"People voted for Kejriwal to provide a stable government. He ran away in 49 days. What's the guarantee he won't run away this time? If we elect him, BJP at the Centre wouldn't co-operate and he may use this as an excuse to resign again. So same government in the state and Centre is good," he told me.

So is it all over for the Aam Aadmi Party? Certainly not. Though the party lost all Lok Sabha seats, it managed to increase its vote share. Congress got 15% of the votes in the Lok Sabha elections. Sheila Dikshit's statement that her party would support the AAP in case of a fractured mandate shows that Congress has already conceded defeat. Congress vote share will be up for grabs and its minority vote bank may well shift to the AAP. The BJP's inability to maintain the same lead in the assembly polls as in Lok Sabha in some states is also a silver lining for AAP.

While the BJP will try to make it a Modi vs Kejriwal fight, AAP will focus on the tussle between Kejriwal and BJP's likely CM candidate Jagdhish Mukhi. The AAP knows very well that Kejriwal cannot fight Modi, but they certainly know they can take on Mukhi or any other BJP leader for that matter.

Kejriwal will also try to play the card he dealt beautifully the last time - BJP is as corrupt as Congress. For this he would portray how the BJP government is similar to the Congress regime and highlight the fact that 20 ministers in the Modi cabinet have criminal cases against them, BJP's position on black money is the same as that of the Congress and its stand on the Netaji classified documents.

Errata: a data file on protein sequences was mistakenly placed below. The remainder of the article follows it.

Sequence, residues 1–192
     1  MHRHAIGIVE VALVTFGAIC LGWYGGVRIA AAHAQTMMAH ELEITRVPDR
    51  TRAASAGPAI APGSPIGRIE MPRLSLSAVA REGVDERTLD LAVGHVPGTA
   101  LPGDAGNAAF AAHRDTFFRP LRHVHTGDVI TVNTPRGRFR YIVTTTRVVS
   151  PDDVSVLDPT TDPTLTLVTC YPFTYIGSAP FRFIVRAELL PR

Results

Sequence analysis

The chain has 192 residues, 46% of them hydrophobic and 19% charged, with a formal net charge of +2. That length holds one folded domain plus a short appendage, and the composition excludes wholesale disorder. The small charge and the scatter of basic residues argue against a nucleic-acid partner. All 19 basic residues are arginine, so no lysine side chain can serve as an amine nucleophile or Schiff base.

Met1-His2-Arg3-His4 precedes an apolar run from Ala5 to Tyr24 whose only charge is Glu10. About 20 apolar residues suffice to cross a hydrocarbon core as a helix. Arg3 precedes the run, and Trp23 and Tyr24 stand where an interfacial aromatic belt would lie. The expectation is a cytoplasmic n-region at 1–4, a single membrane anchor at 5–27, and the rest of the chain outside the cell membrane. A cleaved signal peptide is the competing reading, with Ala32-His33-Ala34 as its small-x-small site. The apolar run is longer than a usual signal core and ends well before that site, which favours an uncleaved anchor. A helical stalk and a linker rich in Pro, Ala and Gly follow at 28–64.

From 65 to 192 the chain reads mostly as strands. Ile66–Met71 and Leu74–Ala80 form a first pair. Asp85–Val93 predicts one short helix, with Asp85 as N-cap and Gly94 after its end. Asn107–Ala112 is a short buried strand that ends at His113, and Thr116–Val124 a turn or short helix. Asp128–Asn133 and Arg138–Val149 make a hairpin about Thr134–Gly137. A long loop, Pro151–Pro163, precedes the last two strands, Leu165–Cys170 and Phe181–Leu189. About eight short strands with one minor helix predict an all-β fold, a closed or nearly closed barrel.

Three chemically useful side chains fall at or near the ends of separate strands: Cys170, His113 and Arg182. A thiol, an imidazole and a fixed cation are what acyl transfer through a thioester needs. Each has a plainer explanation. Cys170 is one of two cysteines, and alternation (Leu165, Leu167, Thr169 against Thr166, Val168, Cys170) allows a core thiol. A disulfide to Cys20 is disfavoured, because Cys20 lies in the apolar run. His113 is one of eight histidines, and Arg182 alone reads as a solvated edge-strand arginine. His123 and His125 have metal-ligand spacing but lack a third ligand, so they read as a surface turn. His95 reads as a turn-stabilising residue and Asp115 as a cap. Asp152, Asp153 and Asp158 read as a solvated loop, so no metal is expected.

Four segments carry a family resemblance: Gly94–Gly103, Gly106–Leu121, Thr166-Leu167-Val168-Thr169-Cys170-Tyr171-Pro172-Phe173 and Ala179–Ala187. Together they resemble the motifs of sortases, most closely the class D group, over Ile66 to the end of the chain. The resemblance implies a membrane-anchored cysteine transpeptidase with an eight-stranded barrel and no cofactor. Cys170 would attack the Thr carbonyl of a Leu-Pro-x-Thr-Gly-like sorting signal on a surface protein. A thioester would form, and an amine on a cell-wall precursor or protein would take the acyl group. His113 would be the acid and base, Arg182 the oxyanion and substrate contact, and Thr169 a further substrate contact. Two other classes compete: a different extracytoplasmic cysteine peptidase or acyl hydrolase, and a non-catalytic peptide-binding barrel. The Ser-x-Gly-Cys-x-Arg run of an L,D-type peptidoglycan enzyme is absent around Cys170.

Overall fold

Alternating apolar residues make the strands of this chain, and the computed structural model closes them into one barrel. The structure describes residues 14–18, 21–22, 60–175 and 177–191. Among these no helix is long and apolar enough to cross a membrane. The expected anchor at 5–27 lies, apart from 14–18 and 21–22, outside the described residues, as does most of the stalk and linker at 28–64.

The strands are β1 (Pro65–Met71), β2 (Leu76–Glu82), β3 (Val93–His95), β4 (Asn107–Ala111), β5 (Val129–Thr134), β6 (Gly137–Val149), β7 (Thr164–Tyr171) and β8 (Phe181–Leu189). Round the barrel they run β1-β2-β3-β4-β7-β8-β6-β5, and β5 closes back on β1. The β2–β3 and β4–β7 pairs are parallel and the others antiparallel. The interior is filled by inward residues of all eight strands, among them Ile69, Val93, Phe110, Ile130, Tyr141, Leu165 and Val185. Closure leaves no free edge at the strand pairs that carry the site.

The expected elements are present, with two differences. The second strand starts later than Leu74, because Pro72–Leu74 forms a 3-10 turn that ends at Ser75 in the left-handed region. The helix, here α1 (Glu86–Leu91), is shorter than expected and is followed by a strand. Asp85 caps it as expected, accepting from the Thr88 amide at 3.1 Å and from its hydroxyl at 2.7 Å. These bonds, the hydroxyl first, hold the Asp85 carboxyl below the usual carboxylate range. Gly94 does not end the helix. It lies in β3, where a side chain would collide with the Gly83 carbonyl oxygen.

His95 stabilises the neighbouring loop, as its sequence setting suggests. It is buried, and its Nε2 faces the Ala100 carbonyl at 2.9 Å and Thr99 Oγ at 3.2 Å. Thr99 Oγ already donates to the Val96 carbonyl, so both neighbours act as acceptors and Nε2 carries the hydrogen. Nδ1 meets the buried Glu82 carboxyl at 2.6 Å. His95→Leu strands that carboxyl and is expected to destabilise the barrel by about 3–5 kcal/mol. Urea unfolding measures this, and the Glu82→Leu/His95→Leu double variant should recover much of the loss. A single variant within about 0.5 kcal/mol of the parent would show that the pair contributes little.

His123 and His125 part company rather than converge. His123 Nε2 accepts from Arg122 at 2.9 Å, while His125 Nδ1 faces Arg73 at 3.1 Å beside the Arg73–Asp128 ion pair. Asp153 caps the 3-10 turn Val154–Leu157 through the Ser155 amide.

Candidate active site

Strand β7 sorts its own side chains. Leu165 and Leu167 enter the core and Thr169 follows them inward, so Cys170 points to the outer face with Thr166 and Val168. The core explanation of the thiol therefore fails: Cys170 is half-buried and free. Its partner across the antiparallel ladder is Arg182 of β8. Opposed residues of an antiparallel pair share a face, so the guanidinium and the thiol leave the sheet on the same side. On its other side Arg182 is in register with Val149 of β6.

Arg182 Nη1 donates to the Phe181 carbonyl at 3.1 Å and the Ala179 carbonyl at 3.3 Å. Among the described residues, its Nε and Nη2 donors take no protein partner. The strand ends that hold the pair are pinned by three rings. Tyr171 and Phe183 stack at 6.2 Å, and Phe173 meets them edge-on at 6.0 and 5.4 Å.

Modi held a big rally on Saturday and attacked anarchist Kejriwal highlighting his flip flops. This has put AAP on the back-foot a bit. But all is not rosy for the BJP either as they too are suffering from massive groupies. And the AAP will play on the faceless campaign of Delhi BJP.

So it's not all over for the AAP whatever the opinion polls have to say. Even the last time around, pollsters gave only 10 seats to the AAP. The AAP has been ahead of others in preparing for the polls, already announced a candidate for the CM's post as well as for all assembly seats.

And now it's time for a nail biting finish.

(Suryakiran Tiwari aka Politicalbaaba runs a popular blog on Indian politics and elections. Politicalbaaba has been nominated by The Guardian as one of the online voices providing an alternative view on India and the general elections. Politicalbaaba also writes on social and economic issues)